• With a vaccine platform technology that has been successfully transferred to four independent manufacturers in low- and middle-income countries, existing manufacturers of influenza vaccines could potentially produce over a billion doses of NDV-vectored vaccines per year.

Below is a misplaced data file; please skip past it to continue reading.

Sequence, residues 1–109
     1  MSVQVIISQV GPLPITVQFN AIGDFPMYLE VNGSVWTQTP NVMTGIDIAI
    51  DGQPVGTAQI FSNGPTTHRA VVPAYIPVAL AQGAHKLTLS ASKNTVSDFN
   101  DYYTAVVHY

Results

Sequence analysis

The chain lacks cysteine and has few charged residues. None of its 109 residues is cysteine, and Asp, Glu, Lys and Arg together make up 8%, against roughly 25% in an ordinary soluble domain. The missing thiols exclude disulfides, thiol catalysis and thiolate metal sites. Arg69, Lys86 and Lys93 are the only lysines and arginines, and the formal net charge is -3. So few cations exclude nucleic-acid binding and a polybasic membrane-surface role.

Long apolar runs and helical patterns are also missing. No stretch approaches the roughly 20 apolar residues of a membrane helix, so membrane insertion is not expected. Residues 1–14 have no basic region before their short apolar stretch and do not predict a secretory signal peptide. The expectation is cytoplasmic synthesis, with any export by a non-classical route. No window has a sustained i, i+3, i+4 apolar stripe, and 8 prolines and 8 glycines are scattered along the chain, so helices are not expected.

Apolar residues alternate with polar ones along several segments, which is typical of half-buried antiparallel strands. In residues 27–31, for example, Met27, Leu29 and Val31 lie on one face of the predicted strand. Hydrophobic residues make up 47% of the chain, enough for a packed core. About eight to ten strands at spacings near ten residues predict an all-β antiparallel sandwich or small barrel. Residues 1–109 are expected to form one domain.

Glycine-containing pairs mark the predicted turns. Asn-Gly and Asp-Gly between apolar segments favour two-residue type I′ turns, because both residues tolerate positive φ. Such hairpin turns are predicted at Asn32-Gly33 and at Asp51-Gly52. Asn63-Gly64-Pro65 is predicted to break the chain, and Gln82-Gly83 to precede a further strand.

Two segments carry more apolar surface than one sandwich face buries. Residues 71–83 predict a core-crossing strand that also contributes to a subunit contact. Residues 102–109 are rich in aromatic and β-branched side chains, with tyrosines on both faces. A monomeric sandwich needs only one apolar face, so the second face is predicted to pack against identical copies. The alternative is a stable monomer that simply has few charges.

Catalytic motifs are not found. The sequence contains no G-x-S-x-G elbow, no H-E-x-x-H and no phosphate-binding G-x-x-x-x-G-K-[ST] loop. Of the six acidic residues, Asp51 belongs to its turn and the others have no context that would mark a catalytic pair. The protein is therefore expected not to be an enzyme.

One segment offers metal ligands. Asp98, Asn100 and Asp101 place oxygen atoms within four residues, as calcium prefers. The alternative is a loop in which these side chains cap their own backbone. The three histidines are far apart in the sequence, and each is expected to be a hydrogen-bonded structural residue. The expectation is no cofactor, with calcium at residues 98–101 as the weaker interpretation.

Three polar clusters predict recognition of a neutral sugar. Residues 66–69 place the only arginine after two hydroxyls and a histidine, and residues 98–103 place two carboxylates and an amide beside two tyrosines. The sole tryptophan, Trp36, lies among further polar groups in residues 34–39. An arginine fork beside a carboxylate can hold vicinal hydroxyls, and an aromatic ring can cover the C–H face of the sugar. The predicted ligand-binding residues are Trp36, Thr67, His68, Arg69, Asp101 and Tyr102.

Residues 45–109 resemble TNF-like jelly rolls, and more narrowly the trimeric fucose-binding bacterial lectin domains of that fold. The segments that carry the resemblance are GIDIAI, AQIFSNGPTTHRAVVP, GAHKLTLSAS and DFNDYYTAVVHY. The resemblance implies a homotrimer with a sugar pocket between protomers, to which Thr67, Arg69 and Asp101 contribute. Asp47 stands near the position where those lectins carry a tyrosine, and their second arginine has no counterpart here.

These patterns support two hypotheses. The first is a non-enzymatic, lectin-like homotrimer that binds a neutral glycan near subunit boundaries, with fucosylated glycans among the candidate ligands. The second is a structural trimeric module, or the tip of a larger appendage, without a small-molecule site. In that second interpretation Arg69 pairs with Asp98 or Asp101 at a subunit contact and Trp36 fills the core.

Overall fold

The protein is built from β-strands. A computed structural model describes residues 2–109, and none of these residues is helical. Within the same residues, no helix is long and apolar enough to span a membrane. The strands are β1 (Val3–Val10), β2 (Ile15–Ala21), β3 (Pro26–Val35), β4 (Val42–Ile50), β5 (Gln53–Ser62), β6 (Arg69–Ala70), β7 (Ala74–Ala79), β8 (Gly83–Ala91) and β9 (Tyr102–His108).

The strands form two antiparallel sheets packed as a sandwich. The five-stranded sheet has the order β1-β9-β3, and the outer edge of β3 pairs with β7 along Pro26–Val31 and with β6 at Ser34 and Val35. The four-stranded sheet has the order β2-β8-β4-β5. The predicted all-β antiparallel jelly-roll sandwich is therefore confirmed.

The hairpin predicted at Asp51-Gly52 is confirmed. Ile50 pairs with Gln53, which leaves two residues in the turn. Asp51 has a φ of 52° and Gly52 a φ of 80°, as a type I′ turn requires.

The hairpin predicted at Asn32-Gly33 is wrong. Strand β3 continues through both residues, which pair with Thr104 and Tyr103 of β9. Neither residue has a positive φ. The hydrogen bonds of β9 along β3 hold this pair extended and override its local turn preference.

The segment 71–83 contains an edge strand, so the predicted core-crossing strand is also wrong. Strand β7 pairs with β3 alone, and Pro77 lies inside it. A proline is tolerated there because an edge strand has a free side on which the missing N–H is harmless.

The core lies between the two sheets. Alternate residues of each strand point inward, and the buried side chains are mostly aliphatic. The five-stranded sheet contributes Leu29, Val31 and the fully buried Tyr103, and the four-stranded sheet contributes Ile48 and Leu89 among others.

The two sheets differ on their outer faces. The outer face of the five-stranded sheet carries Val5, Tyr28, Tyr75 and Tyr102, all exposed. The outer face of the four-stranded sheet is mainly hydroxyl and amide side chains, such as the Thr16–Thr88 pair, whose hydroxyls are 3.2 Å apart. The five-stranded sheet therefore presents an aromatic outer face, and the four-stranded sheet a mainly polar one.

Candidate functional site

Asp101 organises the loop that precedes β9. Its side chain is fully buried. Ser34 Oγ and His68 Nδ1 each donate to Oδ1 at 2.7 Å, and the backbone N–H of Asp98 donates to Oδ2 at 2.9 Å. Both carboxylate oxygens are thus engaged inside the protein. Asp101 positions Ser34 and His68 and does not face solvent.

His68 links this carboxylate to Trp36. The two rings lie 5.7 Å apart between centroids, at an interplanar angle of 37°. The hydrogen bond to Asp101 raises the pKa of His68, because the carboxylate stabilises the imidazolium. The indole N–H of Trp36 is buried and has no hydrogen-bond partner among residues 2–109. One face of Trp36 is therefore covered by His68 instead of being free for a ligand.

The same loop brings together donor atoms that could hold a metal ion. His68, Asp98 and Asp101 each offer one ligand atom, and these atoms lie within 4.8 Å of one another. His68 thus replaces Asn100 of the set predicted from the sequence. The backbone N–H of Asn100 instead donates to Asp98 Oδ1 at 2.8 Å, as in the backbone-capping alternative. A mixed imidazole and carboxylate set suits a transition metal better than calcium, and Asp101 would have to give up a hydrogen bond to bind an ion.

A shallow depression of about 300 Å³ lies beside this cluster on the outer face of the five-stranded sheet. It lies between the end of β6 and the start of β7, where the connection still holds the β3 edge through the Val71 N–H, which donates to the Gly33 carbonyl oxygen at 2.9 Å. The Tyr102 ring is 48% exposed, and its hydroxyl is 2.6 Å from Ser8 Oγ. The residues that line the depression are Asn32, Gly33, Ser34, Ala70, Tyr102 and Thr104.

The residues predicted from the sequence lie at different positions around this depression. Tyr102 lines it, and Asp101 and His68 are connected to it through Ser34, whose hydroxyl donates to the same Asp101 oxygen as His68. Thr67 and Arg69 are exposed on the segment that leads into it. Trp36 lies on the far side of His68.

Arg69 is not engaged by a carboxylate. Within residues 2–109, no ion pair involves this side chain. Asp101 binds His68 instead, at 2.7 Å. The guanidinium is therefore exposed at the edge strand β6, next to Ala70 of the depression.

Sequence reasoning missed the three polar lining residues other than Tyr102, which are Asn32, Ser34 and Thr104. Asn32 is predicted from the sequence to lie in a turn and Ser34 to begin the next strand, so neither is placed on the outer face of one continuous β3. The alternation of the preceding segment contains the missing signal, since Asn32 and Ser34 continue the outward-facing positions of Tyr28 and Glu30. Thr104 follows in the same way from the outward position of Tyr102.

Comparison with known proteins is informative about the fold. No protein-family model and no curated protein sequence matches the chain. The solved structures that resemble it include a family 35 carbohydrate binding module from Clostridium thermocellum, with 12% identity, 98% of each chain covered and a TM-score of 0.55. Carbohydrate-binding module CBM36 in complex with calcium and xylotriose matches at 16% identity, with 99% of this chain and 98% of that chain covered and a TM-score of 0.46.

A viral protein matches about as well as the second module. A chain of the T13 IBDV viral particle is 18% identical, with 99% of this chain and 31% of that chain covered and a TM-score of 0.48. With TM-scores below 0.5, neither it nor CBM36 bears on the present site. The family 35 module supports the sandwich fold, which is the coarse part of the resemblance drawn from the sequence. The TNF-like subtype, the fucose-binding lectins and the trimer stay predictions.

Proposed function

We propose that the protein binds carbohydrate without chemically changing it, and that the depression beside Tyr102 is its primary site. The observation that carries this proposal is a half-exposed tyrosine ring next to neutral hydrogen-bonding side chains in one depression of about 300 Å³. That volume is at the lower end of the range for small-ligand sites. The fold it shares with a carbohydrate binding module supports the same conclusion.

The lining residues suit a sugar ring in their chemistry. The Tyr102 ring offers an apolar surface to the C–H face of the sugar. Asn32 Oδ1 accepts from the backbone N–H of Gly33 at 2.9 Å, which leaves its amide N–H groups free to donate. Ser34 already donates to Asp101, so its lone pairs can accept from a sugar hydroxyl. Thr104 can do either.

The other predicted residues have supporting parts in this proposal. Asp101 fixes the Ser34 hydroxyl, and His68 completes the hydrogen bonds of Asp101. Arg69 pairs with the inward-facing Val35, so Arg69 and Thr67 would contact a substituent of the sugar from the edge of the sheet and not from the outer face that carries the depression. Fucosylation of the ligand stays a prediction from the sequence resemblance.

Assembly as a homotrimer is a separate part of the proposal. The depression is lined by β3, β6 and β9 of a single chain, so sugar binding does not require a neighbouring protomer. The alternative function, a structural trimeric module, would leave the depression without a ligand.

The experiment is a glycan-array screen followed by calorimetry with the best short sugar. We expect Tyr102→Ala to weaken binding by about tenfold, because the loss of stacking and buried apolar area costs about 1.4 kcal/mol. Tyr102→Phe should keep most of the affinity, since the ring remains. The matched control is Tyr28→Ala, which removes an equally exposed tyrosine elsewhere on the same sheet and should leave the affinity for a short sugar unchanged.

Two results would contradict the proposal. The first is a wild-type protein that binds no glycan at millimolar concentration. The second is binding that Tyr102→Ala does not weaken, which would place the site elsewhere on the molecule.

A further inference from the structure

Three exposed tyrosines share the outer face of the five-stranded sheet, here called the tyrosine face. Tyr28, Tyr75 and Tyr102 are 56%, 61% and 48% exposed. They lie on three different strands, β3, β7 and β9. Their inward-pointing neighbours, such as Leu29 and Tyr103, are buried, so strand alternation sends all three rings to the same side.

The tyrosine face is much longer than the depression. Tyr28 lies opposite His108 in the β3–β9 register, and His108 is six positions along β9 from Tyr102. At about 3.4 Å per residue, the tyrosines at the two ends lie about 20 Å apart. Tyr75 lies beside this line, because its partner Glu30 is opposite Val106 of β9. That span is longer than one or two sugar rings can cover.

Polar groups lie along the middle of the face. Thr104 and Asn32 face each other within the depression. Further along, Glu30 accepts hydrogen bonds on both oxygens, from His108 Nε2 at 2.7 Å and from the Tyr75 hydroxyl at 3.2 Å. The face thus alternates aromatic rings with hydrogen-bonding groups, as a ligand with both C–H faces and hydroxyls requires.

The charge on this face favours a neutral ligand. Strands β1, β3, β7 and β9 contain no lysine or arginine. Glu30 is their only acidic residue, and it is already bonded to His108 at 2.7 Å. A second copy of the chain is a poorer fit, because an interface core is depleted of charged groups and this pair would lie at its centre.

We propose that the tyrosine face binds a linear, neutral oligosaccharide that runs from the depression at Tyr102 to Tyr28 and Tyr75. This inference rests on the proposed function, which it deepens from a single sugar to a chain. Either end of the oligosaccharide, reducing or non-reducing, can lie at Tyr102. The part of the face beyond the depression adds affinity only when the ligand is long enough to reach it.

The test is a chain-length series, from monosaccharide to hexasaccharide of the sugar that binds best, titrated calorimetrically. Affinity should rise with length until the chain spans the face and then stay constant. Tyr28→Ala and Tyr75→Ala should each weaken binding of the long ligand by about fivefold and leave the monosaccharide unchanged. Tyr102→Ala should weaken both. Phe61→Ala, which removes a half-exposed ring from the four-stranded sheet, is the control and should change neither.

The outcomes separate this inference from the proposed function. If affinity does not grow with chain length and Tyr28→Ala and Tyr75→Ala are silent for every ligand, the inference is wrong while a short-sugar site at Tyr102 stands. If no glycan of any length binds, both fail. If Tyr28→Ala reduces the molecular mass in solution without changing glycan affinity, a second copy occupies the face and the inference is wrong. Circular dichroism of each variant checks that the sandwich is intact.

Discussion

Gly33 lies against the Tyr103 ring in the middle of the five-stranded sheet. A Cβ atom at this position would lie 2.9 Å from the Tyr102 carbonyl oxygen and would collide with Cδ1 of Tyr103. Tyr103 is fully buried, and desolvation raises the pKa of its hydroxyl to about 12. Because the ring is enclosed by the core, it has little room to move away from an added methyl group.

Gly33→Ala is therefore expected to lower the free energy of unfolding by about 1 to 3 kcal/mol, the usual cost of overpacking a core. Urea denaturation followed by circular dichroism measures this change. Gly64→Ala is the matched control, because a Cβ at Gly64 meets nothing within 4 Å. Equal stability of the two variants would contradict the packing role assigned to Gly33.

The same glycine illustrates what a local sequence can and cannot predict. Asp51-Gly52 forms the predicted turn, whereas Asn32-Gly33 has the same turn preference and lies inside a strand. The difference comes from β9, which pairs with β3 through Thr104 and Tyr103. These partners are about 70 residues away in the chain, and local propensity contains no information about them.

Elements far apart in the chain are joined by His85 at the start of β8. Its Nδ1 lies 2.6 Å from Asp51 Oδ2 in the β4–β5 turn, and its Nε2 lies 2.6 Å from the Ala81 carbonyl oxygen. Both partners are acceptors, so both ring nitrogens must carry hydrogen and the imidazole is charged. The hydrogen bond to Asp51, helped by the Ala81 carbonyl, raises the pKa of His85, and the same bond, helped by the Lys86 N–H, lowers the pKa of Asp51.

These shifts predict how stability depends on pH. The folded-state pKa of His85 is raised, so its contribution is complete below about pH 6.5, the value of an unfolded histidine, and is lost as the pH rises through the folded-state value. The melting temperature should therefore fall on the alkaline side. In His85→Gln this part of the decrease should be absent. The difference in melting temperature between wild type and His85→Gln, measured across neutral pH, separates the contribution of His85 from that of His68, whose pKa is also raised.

“This is an exciting moment for our platform,” said CastleVax President and CEO Matt Stober. “Over the last two years, our NDV-HXP-S vaccine technology has been transferred to clinical development partners in Brazil, Mexico, Vietnam, and Thailand, and they have already demonstrated the use of egg-based flu vaccine manufacturing processes. They’ve completed phase 1 and phase 2 clinical studies in vaccine-naïve adults, with evidence of acceptable safety and immunogenicity. We expect that our live virus intranasal booster study, being conducted at Mount Sinai, will report interim results during the fourth quarter of this year. The study is designed to demonstrate that our vaccine candidate can be used to prevent COVID-19 transmission and break-through infections. COVID-19 is the first step for our platform development. We aim to engineer vaccines to fight a broad range of future respiratory pandemic threats that experts in the field foresee as inevitable. The strength of our vaccine engineering platform allows us to advance our lead program, enter into global partnerships, and propel our other research and development opportunities.”